Chairman Mao and the Cultural Revolution

When we woke up this morning we thought our laptop had completely snuffed it as it wouldn’t even turn on. It has been playing up a bit recently and the dreaded blue screen of death has been appearing fairly regularly. Anyway Simon decided it might just be too cold and although I laughed at this idea after half an hour warming in the bed with the electric blanket and a few sweet nothings whispered in its ear it worked like a charm! Hurray!

We decided to get up and go and find a hearty breakfast to warm us up and like a miracle just as we finished eating the relentless rain of the past two days stopped. We take advantage and head off for Black Dragon Lake Pool. It is a lovely park and has some really gorgeous walks through it. We are most interested in trying to see the snow capped mountains and march enthusiastically to the key photography point. Anyway when we get there they are completely hidden from sight by clouds and the fantastic image we have seen of the lake, with a bridge across it and the Snow Mountains in the background is completely out of the question.

Still it’s a beautiful spot and we get some great shots anyway. The walk around the lake takes us past Taoist pagodas and there are some pretty trees and plants to look at. Despite the cold we all enjoyed the walk and the fresh air as we have been cooped up for a few days. We manage to spend a couple of hours wandering around before its starts to drizzle again and decide to head back to the old town for hot chocolates and homemade cakes. We want to buy a few souvenirs and settle for a wooden pig (It’s the year of the pig in China), a silk pashmina, some Yunnan coffee, green tea and a Tibetan cushion cover. We will add this small collection of stuff to the terracotta warrior we already have in our rucksack. I wanted to get a furry yak as well, but Simon said no.

We do some school work and it goes well, definitely an improvement on yesterday. We revise what we have already learnt about China’s ancient history and tackle the huge subject of Chairman Mao and The Cultural Revolution. I will try and explain what we learnt as best as I can. It is very complicated and I apologise to our new Chinese friends if I have made any mistakes.

Following the end of the last Imperial dynasty, by 1930 China was laden with social problems including child slave labour, domestic slavery, prostitution and starvation. The communist party led by Mao Zedong advocated rural based revolt against the government. Years of instability followed for China. They were invaded by the Japanese who carried out one of the most brutal occupations of the 20th century with a policy of “burn all, loot all, kill all”. But by the end of WWII the Japanese had been defeated and thrown out and the communists were in power.

Due to this, The Peoples Republic of China (1949) began its life as a bankrupt nation. Drastic measures were needed and Mao decided to “weed out” right wing intellectuals for a start. They were sent to labour camps for re education and thought reform. The road and rail networks were in a massive state of disrepair and every household was told to build blast furnaces in their backyards to increase steel production. This was called “The Great Leap Forward”. Farm tools, pots and pans and door knobs were all melted down. In Mao’s view, any obstacle could be overcome providing everyone worked together. The upshot of this actually being that with so many farmers involved in the steel production project an estimated 30-60 million Chinese people died from starvation through a lack of grain.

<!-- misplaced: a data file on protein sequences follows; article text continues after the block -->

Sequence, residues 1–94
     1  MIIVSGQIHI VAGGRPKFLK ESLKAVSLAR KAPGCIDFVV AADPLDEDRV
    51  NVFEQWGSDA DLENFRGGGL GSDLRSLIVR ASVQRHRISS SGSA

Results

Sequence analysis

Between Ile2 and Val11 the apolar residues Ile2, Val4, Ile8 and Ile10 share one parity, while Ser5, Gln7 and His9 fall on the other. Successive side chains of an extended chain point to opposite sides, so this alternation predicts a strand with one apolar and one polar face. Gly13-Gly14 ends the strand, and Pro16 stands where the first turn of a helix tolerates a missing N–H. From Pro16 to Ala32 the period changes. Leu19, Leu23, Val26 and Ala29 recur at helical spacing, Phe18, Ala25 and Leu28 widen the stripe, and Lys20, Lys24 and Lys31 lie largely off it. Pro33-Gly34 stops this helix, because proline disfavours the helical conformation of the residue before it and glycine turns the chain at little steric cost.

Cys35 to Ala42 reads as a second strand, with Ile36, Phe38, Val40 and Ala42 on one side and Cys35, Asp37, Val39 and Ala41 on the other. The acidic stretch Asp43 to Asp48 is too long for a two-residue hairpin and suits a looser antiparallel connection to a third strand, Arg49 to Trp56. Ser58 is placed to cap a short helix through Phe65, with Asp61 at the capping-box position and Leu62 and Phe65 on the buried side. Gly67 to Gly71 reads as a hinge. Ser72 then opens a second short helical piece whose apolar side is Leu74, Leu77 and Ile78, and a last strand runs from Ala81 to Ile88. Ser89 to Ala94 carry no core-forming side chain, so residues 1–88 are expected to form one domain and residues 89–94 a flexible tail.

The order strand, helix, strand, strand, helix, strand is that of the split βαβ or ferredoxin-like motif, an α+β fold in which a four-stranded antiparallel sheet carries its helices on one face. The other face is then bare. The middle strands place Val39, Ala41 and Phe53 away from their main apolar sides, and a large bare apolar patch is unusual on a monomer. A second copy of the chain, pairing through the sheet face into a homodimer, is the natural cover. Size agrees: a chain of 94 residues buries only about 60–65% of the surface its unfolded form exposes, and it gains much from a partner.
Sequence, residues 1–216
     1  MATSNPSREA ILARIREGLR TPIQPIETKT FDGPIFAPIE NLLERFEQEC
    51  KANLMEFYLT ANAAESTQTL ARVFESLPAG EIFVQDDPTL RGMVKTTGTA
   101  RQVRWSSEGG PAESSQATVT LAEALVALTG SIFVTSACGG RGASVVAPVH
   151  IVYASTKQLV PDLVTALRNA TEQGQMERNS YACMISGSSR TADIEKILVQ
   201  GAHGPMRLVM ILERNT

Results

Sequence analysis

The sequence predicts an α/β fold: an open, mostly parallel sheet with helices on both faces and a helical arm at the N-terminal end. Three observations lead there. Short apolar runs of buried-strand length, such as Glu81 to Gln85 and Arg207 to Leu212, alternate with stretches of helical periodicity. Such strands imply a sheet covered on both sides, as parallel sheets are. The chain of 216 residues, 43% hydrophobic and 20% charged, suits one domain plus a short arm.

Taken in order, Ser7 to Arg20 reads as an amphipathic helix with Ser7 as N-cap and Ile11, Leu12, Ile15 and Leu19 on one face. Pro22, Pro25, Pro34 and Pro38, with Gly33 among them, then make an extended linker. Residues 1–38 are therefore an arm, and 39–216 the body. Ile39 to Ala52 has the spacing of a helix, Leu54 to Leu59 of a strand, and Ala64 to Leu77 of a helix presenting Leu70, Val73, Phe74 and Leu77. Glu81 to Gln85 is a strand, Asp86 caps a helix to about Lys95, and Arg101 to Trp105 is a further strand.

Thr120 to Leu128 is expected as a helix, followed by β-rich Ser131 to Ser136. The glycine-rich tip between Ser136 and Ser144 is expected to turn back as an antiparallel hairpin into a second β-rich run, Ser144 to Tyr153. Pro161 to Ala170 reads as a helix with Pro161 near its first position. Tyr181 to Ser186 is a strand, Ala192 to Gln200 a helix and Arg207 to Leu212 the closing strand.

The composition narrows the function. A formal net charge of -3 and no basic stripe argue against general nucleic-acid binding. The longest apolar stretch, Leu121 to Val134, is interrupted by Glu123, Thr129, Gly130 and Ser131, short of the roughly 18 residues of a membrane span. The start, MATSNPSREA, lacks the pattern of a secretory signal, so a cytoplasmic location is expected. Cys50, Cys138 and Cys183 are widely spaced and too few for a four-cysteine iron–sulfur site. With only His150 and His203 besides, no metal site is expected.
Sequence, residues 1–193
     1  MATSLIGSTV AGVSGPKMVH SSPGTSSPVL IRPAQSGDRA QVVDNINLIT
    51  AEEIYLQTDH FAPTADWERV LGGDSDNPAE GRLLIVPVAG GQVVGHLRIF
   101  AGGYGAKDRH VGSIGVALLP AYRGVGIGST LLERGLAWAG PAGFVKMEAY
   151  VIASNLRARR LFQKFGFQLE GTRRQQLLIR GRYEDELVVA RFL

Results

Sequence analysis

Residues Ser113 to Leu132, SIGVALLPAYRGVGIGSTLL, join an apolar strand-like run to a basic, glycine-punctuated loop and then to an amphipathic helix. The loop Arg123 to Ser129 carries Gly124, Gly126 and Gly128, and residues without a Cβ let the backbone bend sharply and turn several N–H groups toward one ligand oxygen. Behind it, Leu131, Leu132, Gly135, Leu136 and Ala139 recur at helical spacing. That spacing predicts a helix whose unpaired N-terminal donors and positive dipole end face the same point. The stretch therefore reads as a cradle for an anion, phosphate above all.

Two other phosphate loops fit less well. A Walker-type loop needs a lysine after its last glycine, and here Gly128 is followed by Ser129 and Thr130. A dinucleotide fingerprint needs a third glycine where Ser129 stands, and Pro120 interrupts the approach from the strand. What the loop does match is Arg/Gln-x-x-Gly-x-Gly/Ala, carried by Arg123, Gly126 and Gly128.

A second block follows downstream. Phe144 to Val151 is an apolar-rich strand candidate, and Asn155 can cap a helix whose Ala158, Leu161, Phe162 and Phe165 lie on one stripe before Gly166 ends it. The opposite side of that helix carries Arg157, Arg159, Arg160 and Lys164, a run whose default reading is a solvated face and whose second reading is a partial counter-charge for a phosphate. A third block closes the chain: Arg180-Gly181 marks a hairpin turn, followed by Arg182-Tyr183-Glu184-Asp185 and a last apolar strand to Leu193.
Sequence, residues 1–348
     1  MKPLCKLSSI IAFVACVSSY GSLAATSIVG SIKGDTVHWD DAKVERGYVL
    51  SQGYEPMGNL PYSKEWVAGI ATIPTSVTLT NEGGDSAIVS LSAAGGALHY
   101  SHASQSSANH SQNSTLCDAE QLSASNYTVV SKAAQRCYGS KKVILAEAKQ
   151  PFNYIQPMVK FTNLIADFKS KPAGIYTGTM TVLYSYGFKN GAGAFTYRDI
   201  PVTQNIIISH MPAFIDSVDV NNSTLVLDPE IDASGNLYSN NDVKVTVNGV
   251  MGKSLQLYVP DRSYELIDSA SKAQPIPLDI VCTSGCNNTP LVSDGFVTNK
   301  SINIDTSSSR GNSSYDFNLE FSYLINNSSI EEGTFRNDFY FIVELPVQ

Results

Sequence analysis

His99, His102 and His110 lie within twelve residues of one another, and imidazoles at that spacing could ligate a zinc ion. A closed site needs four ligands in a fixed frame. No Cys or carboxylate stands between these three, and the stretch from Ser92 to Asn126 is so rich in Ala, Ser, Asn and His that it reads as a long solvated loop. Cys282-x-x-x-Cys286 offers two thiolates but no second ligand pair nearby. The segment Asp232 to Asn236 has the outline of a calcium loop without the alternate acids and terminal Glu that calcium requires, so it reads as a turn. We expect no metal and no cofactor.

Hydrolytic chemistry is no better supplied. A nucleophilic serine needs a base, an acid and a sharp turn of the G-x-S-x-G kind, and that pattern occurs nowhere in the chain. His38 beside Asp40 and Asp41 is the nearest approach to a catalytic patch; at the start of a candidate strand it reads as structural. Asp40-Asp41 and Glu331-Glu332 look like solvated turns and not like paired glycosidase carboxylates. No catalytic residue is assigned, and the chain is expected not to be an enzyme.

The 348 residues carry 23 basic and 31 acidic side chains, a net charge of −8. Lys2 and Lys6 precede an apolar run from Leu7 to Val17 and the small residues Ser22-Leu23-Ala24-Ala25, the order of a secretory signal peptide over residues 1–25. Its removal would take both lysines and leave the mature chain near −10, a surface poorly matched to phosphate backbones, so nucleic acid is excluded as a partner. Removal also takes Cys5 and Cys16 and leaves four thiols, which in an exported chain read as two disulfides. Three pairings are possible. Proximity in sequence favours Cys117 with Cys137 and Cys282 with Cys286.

The enormous failure of The Great Leap Forward led to Mao resigning as head of state but he remained Chairman of the communist party. He was becoming increasingly isolated within the party and in order to regain some of his previous popularity many of his thoughts were compiled into what became known as the “little red book”. This was introduced into the general education system and was to become one of the symbols of the era.

In 1966 a play was released that criticised Mao. A huge purge of the arts followed. University students were issued with red arm bands and soon Mao was overseeing mass parades of students in Tiananmen Square, chanting and waving copies of the “little red book”. The Red Guards had been born. The Red Guards then went on a brutal rampage throughout the country. Schools were closed; academics, writers and artists were killed or sent to labour camps. Any cultural publications were destroyed and temples and monasteries were disbanded.

Physical reminders of China’s” feudal, exploitative and capitalist” past were destroyed and the four olds were banned. (Old customs, old thinking, old habits and old culture.) Family relationships were split up and sex and romance frowned upon. The people wore the blue Mao suit.

In September 1976 Mao died following a long illness and the communist grip on China has been slowly released over the past 3 decades. Mao remains at present pickled and on display in Tiananmen Square. Whether he will remain there as China heads towards 2008 and the Olympics remains to be seen. In China he is remembered as 70% right and 30% wrong in his leadership of the country. Having learnt about the history of places like Cambodia, for us it is obvious there are comparisons to be drawn but I think some of the Chinese people would probably disagree with that and the feeling we have got is that Mao is fondly remembered here.

A massive topic and full marks to the kids for sitting and taking it all in. They have learnt stuff on our trip that I never even dreamed existed when I was younger.

Its 6pm now and we are off out for some food. We are leaving Lijiang at 8pm on the sleeper bus (8 hours) and then hope to get straight on a train for the 22 hour journey to Guilin. Certainly need to be tough for travel in China.